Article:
Oni v. Mountain Management
ORDER denying 38 Motion to Amend/Correct. Signed by Magistrate Judge Susan K Lee on 6/28/2017. (BDG, ) Order mailed to Oni.
UNITED STATES DISTRICT COURT
EASTERN DISTRICT OF TENNESSEE
Before the Court is a motion [Doc. 38] filed by Defendant Mountain Management
Services, Inc. (“Mountain Management” or “Defendant”) to modify the scheduling order to
allow the postponement of certain depositions until after the Court has ruled on dispositive
motions that Defendant anticipates it will file in this case. Specifically, Defendant asks this
Court to postpone depositions it wishes to take of eight individuals who Plaintiff Mayra L. Oni
(“Plaintiff”) has identified as potential witnesses. These potential witnesses are Towel Oni,
Angela Westfield, Valeesa Dickey, Corella Looney, April Cunningham, Carol Looney, Winston
Reed, and Carmeisha Goines (collectively “potential witnesses”) [Doc. 38 at Page ID # 355].
Plaintiff has not yet filed a response to the motion, but the Court will address the motion now
given the fast-approaching discovery deadline.
Defendant did not depose Plaintiff until June 13, 2017. During that deposition, Plaintiff
identified the potential witnesses she may call at trial. Defendant asserts that after the deposition
concluded, the parties agreed to delay deposing the potential witnesses until after the Court ruled
on any dispositive motions filed by the parties. On June 19, 2017, Defendant states that Plaintiff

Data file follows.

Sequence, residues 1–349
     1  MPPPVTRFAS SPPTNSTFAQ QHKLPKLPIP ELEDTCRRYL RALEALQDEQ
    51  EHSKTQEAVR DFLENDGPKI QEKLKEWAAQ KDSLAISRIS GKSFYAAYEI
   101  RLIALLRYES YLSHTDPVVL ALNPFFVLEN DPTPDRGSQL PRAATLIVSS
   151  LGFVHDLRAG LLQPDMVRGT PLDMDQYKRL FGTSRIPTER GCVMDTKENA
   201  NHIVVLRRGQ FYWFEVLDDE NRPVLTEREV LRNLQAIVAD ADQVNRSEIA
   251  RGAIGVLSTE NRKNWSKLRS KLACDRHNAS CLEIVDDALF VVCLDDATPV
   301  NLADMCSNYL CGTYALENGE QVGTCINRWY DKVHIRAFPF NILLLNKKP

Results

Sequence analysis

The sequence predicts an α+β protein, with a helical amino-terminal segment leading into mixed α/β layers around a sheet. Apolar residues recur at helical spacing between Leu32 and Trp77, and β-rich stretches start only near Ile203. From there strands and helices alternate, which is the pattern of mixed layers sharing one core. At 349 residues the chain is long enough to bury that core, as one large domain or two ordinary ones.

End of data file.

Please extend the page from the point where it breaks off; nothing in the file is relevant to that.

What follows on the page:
provided, by email, that she no longer was willing to agree to such a delay [Doc. 38-3 at Page ID
Under the scheduling order [Doc. 18], the discovery period is set to conclude on July 18,
2017, the dispositive motion deadline is August 15, 2017, and the trial will occur November 28,
2017. A court may modify a scheduling order “only for good cause.” Fed. R. Civ. P. 16(b)(4).
Defendant asserts that granting its motion to modify the scheduling order to allow the
depositions to be taken sometime after the Court has ruled on the dispositive motions “may
decrease the cost and expense to both parties in this case” and “would decrease the
inconvenience to the non-party deponents.” [Doc. 38 at Page ID #356]. Defendant describes the
potential witnesses’ testimony as “not necessary for purposes of the filing of dispositive
motions” and “only relevant with respect to [Plaintiff’s] alleged damages.” [Id.]
The scheduling order in this case allows the parties to conduct discovery by agreement
after the close of discovery, but specifically states the Court will not involve itself in any
disputes that arise, such as the alleged changed position of Plaintiff regarding the taking of the
potential witnesses’ testimony after the close of discovery. Although the parties could have
requested bifurcation of damages discovery when the scheduling order was entered, they did not
do so. The Court does not find Defendant has shown “good cause” to modify the scheduling
order or for delay of damages discovery at this late date. Accordingly, Defendant’s motion [Doc.
38] is DENIED.
s/fâátÇ ^A _xx
SUSAN K. LEE
UNITED STATES MAGISTRATE JUDGE
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